“Edmonton’s next mayor must be prepared stand up for the city and the post-secondary sector which plays a critical role in the economy of the metro area” – Day, Goss, Skoreyko, and Cumming, Edmonton Journal, May 28, 2013
The trials and tribulations faced by post-secondary institutions, especially in Alberta, are not new issues. But, thanks to Emerson Csorba, there is a new initiative in Edmonton to change the way that students and locals address the issues facing the University of Alberta: Stand Up for Edmonton
, a conference looking to engage members of both the university and community, taking place on Saturday, June 22, 9 a.m. – 4 p.m.
at Stanley Milner Library.
The University of Alberta is facing challenges — financially and socially — after the provincial post-secondary budget was cut by 7%. Its programming, and resources are being questioned, and the future of many departments and programs is uncertain.
“At the same time,” Csorba says, “Edmonton is transforming rapidly as a city. The U of A plays a major role in Edmonton, but it can do more
. A lot more. [Stand Up for Edmonton] is a much-needed follow-up to Mandel’s comments
in the State-of-the-City address. It is a conference where the usual suspects – the movers and shakers – from Edmonton’s student, faculty, non-profit, media, government and business sectors come together in the same room
The Stand Up for Edmonton conference is more than just another opportunity to vent and complain about the provincial budget cuts. It aims to provide practical, applicable information that will give students and community leaders the tools they need — names of projects, people, and accessible resources – to engage with each other and connect the work being done in academia to the work being done in Edmonton, whether it’s at the level of government, business, or local community.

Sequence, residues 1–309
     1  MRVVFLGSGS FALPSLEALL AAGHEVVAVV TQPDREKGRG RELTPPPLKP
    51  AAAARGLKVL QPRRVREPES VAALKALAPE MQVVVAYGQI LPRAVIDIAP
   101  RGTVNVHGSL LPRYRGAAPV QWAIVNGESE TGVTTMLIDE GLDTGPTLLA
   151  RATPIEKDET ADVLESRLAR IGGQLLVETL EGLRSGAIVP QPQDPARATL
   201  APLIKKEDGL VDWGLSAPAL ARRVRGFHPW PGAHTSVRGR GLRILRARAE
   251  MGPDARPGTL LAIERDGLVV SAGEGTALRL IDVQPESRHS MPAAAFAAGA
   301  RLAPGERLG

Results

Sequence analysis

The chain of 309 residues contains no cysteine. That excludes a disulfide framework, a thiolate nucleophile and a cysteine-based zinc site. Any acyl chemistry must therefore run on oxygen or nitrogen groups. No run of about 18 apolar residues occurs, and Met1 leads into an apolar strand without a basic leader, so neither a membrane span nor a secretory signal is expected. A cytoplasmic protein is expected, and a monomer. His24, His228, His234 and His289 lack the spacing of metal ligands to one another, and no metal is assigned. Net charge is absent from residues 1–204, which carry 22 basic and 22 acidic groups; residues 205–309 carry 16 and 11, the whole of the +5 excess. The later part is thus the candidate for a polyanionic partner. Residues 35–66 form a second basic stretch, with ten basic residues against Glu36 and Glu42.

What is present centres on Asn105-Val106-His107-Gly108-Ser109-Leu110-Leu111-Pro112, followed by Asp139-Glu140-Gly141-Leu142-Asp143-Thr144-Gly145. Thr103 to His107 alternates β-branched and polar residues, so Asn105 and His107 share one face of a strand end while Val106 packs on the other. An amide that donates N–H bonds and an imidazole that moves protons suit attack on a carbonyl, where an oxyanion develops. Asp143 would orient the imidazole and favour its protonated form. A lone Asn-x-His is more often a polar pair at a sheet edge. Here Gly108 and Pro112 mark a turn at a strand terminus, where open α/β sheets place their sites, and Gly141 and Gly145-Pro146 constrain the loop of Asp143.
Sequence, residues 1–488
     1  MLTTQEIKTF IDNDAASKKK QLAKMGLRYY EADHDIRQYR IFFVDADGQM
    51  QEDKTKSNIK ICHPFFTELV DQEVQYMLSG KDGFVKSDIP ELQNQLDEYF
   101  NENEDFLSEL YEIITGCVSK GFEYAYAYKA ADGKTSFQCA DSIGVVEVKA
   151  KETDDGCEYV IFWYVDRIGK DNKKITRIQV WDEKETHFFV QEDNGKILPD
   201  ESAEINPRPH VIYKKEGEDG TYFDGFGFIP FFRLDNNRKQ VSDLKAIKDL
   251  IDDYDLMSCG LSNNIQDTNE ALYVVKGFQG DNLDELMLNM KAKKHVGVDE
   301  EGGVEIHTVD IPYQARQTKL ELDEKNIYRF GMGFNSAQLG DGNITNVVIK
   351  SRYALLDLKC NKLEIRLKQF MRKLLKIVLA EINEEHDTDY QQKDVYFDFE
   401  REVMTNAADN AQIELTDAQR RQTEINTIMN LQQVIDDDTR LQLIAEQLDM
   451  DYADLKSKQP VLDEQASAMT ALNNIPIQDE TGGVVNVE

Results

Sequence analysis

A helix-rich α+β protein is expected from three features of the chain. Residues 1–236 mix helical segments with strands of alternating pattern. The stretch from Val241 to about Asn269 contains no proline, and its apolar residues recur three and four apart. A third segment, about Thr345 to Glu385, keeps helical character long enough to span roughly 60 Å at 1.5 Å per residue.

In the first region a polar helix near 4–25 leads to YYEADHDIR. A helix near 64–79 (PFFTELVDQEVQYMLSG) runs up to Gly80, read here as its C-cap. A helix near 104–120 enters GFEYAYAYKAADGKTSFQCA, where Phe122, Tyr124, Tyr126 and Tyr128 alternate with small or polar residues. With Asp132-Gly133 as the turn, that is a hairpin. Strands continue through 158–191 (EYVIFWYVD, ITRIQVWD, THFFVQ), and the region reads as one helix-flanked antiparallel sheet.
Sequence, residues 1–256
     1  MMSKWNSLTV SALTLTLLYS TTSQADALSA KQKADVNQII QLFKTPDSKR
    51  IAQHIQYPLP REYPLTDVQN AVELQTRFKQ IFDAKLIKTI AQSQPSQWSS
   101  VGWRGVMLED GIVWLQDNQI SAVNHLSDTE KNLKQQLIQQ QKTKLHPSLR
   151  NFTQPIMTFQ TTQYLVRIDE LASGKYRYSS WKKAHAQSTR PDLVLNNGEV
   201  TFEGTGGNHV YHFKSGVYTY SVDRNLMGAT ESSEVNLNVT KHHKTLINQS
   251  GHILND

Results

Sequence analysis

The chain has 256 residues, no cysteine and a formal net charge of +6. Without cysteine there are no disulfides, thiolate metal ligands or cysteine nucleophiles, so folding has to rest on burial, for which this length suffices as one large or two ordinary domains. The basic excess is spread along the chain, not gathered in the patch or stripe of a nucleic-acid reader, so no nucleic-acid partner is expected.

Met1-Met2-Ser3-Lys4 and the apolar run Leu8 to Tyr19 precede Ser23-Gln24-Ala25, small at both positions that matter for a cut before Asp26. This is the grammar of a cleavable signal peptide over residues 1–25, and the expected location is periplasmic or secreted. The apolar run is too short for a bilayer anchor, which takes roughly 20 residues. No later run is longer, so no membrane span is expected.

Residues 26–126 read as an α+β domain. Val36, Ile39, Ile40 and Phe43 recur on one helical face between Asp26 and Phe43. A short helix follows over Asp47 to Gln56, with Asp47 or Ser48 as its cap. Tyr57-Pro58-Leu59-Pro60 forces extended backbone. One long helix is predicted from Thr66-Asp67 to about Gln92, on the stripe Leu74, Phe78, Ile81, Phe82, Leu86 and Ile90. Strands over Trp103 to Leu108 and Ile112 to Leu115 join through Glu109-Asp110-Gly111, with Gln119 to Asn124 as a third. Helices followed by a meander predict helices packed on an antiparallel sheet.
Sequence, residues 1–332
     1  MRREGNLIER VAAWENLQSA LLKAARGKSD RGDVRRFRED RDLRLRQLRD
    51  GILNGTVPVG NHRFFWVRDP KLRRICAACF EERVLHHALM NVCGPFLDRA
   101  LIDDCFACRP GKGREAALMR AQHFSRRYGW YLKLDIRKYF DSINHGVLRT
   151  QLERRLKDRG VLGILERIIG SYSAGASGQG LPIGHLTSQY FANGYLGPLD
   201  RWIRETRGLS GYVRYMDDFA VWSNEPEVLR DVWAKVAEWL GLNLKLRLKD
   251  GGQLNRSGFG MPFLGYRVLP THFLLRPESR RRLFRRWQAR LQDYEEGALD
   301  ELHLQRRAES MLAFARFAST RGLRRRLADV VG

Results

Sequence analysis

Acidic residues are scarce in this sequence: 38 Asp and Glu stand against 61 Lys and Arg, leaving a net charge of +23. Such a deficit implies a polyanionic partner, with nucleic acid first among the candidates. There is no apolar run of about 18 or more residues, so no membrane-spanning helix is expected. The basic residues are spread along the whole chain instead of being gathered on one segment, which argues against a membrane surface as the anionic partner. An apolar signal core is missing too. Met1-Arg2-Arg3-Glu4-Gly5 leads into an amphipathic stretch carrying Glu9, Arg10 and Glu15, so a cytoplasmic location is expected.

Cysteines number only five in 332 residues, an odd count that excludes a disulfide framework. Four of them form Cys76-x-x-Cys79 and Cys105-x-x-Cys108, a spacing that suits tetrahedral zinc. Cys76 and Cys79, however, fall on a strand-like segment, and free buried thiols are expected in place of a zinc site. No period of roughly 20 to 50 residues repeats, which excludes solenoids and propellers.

“We want the attendees to return to their respective areas with ideas about how the U of A can be leveraged to enhance their work” Csorba attests. This issue sparked a lot of discussion and debate after the initial budget cuts were announced, but discussions and practical approaches have been slight since then. This conference, Csorba notes, will “[bring] people into the same venue with an all-star cast of speakers. It gets the juices flowing in a way that hasn’t really happened over the last two months.”
The brains behind Stand Up for Edmonton is the wonderfully inspiring Emerson Csorba, who is also the editor-in-chief and co-founder of The Wanderer
, a political science student at University of Alberta Campus Saint-Jean, a member of our own Good 100 Experiment, and a participant/leader/creator of approximately one million other local projects (leading me to believe he is also an inventor of a time turner).
Over the last month I have been meeting with Csorba to plan and discuss the conference, and asked if he’d be up for doing an interview with me about his project. Of course, he found the time to do so, and I’d love to share his insights and vision with you. And, I hope to see you at the conference on Saturday, June 22, 9 am – 4 pm, at the Stanley Milner Library
. Registration is FREE, but tickets
are required due to venue capacity. Visit the website
for full conference details including a list of speakers and registration details.
1. What’s the story of how this conference came about? What was the need you saw in the community that it emerged from?